"I asked him, 'What've you got?' and he goes, 'One-two-three -- fastball-curve-slider.' I said, 'Out pitch?' And he goes, 'Slider,'" Vazquez said, imitating Holland's half-smile and no-stress wink.
Should Holland make normal progress between now and the regular season, the Rockies will be able to call upon him with confidence.
"I just wanted to stay composed and throw strike one," said Holland, who pitched a perfect ninth inning and earned the win. "It felt a little bit different, until you get into the first hitter, first at-bat. Then you go back to pitching like you know how."
Holland signed a one-year, $7 million deal -- with incentive clauses and an option for next year -- with the Rockies in the offseason. He has 145 career saves with the Royals (2010-15). He was the closer in '14, when the Royals lost to the Giants in the World Series.
Holland had 32 saves in 2015 through Sept. 18, his last game before undergoing Tommy John. After surgery, he was at least able to celebrate the Royals' World Series championship over the Mets.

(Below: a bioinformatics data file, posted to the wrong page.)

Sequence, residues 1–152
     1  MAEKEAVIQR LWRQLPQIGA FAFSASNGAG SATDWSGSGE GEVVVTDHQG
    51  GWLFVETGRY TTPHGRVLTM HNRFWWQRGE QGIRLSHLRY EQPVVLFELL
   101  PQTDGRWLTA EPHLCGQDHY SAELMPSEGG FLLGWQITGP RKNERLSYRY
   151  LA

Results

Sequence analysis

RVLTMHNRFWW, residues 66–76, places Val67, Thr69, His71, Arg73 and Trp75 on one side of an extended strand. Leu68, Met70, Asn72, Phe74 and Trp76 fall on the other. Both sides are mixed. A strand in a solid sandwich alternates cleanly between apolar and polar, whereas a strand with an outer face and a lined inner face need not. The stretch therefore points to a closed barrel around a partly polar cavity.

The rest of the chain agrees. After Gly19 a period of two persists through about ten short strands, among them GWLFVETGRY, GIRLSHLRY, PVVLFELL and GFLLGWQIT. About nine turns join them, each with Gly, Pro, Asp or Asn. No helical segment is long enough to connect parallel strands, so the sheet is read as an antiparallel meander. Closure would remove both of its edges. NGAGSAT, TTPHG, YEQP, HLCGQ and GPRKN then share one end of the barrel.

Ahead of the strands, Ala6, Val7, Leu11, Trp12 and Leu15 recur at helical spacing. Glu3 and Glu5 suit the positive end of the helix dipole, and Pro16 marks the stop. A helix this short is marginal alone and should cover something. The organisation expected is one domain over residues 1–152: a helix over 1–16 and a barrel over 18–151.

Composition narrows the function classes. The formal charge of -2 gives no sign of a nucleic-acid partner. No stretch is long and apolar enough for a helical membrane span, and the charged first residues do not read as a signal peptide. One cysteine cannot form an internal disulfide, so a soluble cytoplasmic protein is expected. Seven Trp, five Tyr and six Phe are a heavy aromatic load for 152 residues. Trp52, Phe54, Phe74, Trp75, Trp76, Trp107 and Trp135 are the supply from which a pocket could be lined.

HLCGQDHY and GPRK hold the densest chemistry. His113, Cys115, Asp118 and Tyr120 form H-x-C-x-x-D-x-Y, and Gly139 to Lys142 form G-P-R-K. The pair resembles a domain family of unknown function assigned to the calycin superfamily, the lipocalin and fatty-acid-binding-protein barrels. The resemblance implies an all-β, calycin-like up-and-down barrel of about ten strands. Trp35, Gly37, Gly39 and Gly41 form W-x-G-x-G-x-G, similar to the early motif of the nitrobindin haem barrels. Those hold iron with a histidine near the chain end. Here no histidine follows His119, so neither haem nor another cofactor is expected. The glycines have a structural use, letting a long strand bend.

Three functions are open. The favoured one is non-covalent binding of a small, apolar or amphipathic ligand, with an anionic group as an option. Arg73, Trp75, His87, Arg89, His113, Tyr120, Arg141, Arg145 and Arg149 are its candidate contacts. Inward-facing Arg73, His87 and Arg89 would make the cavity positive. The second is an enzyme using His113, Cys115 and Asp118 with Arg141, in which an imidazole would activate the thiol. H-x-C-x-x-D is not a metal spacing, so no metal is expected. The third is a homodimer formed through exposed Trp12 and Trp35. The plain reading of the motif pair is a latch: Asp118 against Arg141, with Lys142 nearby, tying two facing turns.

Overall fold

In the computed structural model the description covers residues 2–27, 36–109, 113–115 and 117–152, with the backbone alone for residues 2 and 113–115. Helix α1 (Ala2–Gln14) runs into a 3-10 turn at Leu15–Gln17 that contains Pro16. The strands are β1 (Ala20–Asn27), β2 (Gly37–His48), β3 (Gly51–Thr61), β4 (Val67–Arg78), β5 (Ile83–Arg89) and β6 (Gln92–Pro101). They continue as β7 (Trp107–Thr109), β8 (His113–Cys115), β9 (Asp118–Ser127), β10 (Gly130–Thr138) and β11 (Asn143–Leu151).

In his return, with his new team, Holland's fastball sat mostly at 93 mph, a little below the peak velocity that should come with more outings and regular-season intensity.
Before Wednesday, Holland threw a few simulated games with a batting cage, appeared in a "B" game against the D-backs and pitched in a simulated setting against Minor Leaguers with fielders behind him.
If all goes well, manager Bud Black said Holland could pitch again as early as Saturday. The idea is to have Holland ready for the frequent work a closer could receive. If he needs extra time when the season starts, the Rockies can spell him in the ninth with right-hander Adam Ottavino.
"I'm looking for the quality of the pitch, and today -- 10 pitches in a quick look -- it was a good outing from the standpoint that he hasn't been out here in this type of setting," Black said.
Holland said, "I felt the ball was coming out of my hand well, and hitters will let you know. I thought my timing and rhythm were good."